• Physician and nursing services
• X-rays, laboratory, and other diagnostic tests
• Influenza and pneumonia vaccinations
• Outpatient hospital procedures

Part B also provides senior citizens with medical equipment such as canes, walkers, wheelchairs, and mobility scooters. Other items such as prosthetic limbs and oxygen for home use are also covered under Part B. Medicare Part B coverage is optional and may be deferred by those who are still actively working. There is a 10% per year penalty charged to those who are not actively working and do not enroll in Part B.

Medicare Part C was developed to provide eligible individuals with an alternate means of receiving their Part A, B, and D coverage. “Medicare + Choice”, or Part C, allows Medicare beneficiaries the option of receiving their coverage through a private health insurance plan instead of through Part A, B, and D. Individuals who use Part C must have a private plan that meets or exceeds the standards of Medicare’s coverage.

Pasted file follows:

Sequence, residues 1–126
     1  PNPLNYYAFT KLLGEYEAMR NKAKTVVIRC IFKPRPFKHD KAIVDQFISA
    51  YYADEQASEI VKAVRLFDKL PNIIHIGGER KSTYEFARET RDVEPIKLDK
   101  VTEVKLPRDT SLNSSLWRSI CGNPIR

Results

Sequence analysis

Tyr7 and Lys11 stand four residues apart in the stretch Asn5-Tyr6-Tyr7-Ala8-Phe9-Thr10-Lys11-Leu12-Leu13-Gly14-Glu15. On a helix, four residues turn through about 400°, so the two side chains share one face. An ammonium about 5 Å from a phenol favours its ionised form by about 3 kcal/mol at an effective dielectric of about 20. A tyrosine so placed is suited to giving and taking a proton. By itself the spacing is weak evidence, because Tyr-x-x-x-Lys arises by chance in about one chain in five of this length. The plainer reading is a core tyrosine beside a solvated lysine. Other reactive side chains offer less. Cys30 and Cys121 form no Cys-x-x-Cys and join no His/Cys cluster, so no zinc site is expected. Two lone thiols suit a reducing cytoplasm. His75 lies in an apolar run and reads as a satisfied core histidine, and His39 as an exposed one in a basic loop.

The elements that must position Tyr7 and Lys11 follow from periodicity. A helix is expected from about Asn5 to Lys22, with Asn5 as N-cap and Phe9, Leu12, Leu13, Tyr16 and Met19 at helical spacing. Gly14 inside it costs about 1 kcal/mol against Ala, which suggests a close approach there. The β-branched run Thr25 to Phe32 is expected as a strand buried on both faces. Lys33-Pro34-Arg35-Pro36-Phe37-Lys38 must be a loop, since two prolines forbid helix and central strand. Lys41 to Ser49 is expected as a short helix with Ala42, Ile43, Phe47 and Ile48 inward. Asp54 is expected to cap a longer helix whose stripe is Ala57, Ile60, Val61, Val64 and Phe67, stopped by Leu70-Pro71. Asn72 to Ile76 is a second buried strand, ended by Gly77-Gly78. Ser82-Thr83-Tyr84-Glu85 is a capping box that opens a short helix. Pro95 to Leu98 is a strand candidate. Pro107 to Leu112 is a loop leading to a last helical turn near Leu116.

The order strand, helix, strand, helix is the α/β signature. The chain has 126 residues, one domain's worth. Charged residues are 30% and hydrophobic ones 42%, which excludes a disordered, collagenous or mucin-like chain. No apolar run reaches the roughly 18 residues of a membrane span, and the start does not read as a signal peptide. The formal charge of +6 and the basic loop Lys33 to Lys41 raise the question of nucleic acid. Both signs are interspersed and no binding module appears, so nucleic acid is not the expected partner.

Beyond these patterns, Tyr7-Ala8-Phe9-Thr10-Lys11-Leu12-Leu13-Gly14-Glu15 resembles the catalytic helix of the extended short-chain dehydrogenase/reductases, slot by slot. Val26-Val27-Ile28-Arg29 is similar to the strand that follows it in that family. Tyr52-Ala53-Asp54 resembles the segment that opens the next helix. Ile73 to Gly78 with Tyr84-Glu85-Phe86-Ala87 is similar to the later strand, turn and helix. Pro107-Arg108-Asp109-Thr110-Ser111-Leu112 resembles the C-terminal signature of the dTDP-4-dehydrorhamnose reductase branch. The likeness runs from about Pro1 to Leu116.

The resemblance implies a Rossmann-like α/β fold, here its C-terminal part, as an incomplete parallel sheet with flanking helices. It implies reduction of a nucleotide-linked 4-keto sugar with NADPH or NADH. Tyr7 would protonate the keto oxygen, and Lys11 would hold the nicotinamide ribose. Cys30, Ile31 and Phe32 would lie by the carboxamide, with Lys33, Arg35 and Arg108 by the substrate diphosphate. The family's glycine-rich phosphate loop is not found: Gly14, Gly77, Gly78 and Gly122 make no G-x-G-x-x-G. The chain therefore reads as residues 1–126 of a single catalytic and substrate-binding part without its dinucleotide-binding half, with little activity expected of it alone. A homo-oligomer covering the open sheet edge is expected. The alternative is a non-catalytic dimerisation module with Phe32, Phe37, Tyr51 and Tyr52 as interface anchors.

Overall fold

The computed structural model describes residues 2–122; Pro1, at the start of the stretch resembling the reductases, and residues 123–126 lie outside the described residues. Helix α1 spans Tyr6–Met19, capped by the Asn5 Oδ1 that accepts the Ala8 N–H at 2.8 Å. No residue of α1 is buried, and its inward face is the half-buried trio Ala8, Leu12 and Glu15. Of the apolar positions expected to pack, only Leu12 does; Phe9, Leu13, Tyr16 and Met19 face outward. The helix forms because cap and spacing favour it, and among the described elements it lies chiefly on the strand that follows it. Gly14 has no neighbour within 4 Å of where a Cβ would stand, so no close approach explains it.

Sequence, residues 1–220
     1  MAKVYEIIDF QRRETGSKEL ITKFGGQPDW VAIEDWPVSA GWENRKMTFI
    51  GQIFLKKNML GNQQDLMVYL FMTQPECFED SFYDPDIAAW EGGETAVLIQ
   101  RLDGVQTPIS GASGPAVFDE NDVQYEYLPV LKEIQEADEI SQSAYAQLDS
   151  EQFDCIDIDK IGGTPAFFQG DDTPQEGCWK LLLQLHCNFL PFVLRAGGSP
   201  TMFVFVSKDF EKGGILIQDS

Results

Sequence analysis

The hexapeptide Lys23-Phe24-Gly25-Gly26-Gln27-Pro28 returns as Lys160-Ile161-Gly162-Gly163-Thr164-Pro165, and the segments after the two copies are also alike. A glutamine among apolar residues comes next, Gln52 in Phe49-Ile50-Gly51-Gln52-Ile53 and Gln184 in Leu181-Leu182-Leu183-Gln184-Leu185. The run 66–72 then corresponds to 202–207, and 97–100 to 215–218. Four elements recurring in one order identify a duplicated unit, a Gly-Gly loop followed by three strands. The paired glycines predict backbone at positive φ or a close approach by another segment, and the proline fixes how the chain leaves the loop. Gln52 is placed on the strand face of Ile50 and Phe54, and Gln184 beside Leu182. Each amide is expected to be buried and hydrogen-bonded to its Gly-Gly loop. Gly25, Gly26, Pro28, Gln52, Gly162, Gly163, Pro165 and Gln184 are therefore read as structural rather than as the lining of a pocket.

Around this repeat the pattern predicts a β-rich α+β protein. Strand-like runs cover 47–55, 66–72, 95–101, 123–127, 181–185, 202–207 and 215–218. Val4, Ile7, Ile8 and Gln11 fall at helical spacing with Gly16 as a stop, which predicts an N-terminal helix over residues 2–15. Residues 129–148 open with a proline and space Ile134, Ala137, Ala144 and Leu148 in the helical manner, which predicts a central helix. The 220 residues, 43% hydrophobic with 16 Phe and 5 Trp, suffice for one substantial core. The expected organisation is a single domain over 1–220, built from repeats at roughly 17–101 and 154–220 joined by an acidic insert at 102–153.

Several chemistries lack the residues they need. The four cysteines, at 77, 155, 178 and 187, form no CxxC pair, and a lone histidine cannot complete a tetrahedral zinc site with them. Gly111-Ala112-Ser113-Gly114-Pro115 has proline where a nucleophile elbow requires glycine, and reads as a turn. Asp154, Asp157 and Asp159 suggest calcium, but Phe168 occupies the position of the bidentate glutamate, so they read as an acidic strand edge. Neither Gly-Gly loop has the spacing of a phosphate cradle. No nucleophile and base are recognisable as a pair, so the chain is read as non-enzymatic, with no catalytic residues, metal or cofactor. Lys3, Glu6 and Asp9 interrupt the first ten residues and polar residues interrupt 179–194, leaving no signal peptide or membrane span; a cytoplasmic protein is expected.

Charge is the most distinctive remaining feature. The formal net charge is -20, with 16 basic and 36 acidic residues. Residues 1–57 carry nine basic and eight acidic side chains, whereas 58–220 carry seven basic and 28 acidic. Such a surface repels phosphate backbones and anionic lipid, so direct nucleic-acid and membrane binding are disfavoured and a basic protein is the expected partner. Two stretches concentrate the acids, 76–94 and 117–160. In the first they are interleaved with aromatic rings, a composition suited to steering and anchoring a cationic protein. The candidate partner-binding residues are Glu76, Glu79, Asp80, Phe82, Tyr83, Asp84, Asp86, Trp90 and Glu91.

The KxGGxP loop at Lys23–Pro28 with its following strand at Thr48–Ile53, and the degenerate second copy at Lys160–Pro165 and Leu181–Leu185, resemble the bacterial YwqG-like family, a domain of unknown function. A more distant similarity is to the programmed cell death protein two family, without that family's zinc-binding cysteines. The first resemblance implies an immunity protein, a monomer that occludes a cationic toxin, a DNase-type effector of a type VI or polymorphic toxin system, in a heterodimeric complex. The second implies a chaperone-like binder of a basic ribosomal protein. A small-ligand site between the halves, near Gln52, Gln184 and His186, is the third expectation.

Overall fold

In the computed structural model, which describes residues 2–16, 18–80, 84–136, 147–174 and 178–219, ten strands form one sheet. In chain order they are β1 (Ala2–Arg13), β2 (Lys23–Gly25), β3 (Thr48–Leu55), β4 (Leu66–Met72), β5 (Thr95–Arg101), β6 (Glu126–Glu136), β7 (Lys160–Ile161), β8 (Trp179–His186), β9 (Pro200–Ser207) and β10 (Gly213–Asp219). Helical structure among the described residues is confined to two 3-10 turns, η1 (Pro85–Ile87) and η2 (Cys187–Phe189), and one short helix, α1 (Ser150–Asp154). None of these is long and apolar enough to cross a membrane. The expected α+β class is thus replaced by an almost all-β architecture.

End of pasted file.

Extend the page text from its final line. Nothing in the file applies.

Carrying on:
Medicare Part D is the most recent addition to the Medicare program and provides for prescription drug coverage. This coverage used to be provided by Part A and Part B, where any individual that is eligible for Part A and Part B is eligible for Part D. Individuals must enroll in a Prescription Drug Plan or Medicare Advantage plan with prescription drug coverage. While these plans are regulated by Medicare, private health care providers develop and administer these programs. Part D does not remove all costs for users, but does help eliminate high costs for individuals.

Medicare has changed immensely since President Johnson enrolled the first two recipients in 1965, former President Harry S. Truman and his wife Bess; and the program now faces great challenges as it seeks to keep America’s senior citizens covered by reliable health insurance. Medicare’s income base is becoming increasingly unable to cover the costs of a growing user base. The nation’s baby boomer generation is reaching retirement age and while 45 million Americans are covered as of 2009, it is expected that nearly 73 million more will be covered by the year 2030. With Medicare spending outpacing its income as of 2008, Medicare faces challenges as it seeks to continue providing coverage to senior citizens.